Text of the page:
Since March, the fundraiser on the Facebook page titled “Thank you Mrs. Lyllye” has raised more than $ 75,000. In the summer, the Eugene Emeralds baseball team held a fundraiser in honor of Reynolds-Parker. Handmade Clay Mason Studio vases filled with flowers from a friend’s project were also raffled off for cash. In the end, hundreds contributed. A donor gave $ 10,000. The youngest contributor was only 7 years old and donated $ 5.

Mo Young.  left to right, Lyllye Reynolds-Parker and Emily Yates tour Reynolds-Parker's new home.  Young and Yates helped run a fundraising campaign to help the area's black elder, Reynolds-Parker, get a down payment for a house.

Reynolds-Parker said she never expected such a gift. Whatever she gave, her students gave back.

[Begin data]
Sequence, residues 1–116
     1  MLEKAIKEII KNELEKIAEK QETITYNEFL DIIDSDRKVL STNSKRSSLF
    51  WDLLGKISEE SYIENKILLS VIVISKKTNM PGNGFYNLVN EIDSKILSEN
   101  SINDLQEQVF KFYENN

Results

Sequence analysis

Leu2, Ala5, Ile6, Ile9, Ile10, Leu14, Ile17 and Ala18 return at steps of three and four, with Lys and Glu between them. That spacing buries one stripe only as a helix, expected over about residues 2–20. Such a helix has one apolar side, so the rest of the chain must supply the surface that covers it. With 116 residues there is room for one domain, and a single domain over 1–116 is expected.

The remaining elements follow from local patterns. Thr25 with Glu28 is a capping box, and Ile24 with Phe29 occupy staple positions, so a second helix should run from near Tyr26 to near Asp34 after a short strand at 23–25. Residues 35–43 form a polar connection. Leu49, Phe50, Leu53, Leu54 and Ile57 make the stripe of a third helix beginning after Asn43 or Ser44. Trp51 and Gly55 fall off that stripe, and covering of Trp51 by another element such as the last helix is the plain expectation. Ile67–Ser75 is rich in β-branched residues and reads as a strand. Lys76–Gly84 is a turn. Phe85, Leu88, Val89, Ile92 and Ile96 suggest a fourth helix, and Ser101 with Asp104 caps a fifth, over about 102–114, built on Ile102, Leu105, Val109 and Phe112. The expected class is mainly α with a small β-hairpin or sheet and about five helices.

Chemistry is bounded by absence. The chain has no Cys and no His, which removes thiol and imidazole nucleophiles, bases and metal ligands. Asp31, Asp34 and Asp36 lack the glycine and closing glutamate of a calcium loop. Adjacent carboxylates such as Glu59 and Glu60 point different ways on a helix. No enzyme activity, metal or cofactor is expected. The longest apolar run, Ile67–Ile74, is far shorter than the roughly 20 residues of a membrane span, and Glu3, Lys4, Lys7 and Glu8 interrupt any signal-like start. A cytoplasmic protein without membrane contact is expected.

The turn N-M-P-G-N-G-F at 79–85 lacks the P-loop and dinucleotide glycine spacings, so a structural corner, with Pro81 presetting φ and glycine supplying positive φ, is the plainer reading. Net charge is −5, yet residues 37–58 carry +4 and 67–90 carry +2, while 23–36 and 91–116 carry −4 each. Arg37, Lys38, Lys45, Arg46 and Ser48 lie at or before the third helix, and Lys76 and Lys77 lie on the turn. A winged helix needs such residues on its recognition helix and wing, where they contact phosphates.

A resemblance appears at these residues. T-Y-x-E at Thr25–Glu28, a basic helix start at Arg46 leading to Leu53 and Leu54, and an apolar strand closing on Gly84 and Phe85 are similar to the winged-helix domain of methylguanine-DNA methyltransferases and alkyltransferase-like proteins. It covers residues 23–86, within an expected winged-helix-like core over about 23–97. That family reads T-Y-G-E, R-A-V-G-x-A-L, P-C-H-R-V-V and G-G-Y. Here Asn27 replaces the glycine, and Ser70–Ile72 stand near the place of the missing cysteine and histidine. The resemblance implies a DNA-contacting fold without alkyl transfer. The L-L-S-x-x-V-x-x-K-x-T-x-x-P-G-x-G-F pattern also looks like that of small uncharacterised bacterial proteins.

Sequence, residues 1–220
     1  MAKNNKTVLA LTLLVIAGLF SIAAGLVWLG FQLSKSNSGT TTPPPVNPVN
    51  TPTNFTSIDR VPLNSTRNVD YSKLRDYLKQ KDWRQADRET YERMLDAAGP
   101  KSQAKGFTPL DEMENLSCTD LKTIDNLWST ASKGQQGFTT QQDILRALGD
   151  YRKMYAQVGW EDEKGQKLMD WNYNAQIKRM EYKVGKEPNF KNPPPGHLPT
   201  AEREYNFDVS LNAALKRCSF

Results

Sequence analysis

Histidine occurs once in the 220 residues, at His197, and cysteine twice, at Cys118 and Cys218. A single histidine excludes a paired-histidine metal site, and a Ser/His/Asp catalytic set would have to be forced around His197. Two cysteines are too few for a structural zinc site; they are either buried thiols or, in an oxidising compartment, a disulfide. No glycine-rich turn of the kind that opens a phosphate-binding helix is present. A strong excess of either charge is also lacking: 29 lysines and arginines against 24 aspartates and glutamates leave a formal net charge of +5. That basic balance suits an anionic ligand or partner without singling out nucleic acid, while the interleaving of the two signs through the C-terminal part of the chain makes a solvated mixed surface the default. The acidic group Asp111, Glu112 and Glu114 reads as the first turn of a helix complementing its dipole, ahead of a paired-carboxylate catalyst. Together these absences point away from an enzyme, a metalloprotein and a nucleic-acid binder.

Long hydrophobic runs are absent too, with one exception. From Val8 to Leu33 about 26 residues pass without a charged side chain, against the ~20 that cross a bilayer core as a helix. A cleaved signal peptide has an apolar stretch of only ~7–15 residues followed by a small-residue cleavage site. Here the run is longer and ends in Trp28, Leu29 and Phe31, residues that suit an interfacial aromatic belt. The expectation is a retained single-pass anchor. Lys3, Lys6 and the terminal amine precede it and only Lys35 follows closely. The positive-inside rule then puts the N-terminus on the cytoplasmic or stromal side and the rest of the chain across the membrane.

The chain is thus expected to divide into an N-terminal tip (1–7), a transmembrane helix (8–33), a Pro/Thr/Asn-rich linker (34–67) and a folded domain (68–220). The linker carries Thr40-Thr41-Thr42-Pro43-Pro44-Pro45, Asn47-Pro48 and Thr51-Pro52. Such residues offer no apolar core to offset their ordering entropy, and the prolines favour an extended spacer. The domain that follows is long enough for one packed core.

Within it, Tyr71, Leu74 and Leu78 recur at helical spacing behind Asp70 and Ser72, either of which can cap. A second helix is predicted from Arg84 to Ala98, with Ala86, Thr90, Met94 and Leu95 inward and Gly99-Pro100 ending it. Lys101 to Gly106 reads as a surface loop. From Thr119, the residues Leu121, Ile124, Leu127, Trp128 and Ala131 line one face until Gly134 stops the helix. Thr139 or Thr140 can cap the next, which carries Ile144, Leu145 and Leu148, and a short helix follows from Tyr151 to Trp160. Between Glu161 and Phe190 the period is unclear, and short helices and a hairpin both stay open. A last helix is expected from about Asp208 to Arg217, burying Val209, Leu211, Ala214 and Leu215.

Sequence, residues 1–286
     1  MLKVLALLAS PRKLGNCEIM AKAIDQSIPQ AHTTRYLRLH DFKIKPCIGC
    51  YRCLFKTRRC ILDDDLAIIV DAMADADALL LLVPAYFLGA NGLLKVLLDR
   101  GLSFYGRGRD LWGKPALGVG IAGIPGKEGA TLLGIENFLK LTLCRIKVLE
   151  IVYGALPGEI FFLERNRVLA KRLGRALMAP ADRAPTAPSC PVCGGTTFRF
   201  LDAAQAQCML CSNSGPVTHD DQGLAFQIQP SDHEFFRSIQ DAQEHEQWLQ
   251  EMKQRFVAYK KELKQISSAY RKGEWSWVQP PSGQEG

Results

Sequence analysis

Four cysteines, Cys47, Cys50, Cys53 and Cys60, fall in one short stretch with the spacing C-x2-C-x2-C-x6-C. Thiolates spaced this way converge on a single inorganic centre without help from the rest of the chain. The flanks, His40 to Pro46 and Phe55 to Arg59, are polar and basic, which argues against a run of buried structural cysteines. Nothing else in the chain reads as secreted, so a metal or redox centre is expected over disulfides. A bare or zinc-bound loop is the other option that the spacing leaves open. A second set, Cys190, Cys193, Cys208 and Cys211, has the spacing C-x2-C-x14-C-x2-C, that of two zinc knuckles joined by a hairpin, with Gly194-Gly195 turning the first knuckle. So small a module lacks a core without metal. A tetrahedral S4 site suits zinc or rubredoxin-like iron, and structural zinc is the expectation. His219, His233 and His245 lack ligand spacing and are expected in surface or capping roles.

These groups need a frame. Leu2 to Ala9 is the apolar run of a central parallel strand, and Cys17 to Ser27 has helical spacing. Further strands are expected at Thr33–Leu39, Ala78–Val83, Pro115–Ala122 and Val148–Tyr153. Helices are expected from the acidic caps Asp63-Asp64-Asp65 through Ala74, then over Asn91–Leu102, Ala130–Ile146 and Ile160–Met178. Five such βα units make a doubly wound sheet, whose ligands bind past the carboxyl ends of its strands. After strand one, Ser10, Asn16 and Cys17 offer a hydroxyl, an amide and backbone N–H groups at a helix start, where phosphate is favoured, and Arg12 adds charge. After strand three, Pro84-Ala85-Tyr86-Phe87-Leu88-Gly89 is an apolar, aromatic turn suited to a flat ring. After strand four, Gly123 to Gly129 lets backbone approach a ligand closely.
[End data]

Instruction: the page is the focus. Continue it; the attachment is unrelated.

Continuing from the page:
“I’ll tell you, the result was mutual. I am blessed. I am truly blessed.… It just makes me happy to know that not only did they trust me with this part of their life, but their parents did. trust me, ”Reynolds-Parker said. “I wanted these students to know, no matter what life throws at you, you are in control and someone believes in you.”

Building Black Wealth

At first, Reynolds-Parker wasn’t quite sure when Young offered to help.

“I don’t want anyone to think I’m here begging for money, because it’s not me,” she said at the time. “(Mo) said, I think I can raise $ 20,000 and my mouth fell out. (I said) ‘Okay, Mo, you can take over.’ “

Young convinced Reynolds-Parker that she deserved this honor. For her, it wasn’t just about giving back for the work she had done, but honoring the legacy of one of Eugene’s founding black families.